The general rule is that after a sentence has been entered in the minutes of the court and the defendant has begun serving his sentence, the trial court is without jurisdiction to vacate or modify it. (People v. McAllister, 15 Cal.2d 519, 526, 102 P.2d 1072.)
Where the sentence pronounced is, on its face, beyond the power of the court to impose for the offense of which the defendant was convicted, the court has jurisdiction, at a later time to impose a legal sentence. (In re Robinson, 142 Cal.App.2d 484, 298 P.2d 656.) That rule is not applicable here, for the sentence is not on its face improper. The claimed error in this case consists of an improper application of the law to facts which can be found only in the evidence received at the trial or upon the arraignment for judgment.
A very limited class of errors of fact not appearing on the face of the record may be redressed by a motion which is commonly referred to as a petition for writ of error coram nobis. (See People v. Thomas, 52 Cal.2d 521, 527, 342 P.2d 889, fn. 2; Witkin, Cal.Criminal Procedure, s 626, p. 616.) The limitations upon the use of coram nobis have recently been pointed out in People v. Shipman, 62 Cal.2d 226, 230, 42 Cal.Rptr. 1, 397 P.2d 993. One of the requirements for relief is that the petitioner must show some fact which, without fault on his part, was not presented to the court at the trial on the merits. In the case at bench the factual basis, if any, for defendant's contention was known to him and disclosed in the evidence at the trial. Clearly a motion in the nature of coram nobis, as defined in Shipman, is not available for defendant's purpose.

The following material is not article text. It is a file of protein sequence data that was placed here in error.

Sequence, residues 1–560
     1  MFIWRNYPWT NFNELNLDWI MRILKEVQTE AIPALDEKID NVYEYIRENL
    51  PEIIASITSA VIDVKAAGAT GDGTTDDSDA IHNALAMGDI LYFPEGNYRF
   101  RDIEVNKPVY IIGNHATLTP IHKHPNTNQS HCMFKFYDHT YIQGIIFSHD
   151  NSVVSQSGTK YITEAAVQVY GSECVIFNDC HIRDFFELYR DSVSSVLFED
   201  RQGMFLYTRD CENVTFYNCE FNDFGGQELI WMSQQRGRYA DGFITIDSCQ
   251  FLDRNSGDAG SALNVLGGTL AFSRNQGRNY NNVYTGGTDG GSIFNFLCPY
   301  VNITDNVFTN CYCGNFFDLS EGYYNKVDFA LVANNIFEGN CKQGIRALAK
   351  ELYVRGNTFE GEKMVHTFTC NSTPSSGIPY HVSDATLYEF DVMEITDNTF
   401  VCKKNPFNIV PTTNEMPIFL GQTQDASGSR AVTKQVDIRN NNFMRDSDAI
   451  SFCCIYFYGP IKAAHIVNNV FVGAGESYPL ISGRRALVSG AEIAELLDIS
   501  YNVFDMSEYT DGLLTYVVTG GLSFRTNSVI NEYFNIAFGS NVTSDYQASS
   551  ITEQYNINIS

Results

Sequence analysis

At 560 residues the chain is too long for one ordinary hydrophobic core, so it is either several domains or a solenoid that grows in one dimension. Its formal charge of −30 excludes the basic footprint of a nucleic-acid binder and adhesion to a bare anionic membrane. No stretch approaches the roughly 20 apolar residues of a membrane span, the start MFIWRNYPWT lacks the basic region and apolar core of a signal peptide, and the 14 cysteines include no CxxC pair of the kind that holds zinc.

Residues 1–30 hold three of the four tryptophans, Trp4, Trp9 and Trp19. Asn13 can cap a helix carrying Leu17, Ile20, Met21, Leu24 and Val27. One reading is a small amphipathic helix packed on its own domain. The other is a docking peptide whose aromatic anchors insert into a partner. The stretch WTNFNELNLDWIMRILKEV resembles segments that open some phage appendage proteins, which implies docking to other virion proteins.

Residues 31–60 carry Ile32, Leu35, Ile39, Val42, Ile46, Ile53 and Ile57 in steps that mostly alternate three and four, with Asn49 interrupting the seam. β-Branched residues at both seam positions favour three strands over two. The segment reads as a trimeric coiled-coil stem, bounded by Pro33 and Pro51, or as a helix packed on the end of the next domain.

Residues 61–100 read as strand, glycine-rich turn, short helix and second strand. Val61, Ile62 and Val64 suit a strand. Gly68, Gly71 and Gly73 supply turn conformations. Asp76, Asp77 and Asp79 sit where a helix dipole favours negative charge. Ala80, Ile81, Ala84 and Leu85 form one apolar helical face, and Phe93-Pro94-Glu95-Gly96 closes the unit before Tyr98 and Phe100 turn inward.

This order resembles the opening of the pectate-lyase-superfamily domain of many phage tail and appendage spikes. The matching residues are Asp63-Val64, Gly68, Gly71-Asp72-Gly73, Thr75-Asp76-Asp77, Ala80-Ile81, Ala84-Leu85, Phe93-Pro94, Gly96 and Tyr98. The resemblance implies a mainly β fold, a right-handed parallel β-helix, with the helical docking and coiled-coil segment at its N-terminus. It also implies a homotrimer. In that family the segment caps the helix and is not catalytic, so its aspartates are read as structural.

We must conclude therefore that the court in which defendant was convicted had no jurisdiction to reconsider its sentence in the light of defendant's attack upon it. Defendant's remedy now is by habeas corpus.
Since the Superior Court of Los Angeles County lacked jurisdiction to act upon defendant's motion, its order is not appealable. (People v. Thornton, 233 Cal.App.2d 1, 43 Cal.Rptr. 691.)
The appeal is dismissed.
1. Section 654 provides:‘An act or omission which is made punishable in different ways by different provisions of this Code may be punished under either of such provisions, but in no case can it be punished under more than one; an acquittal or conviction and sentence under either one bars a prosecution for the same act or omission under any other.’
FILES, Presiding Justice.
JEFFERSON and KINGSLEY, JJ., concur.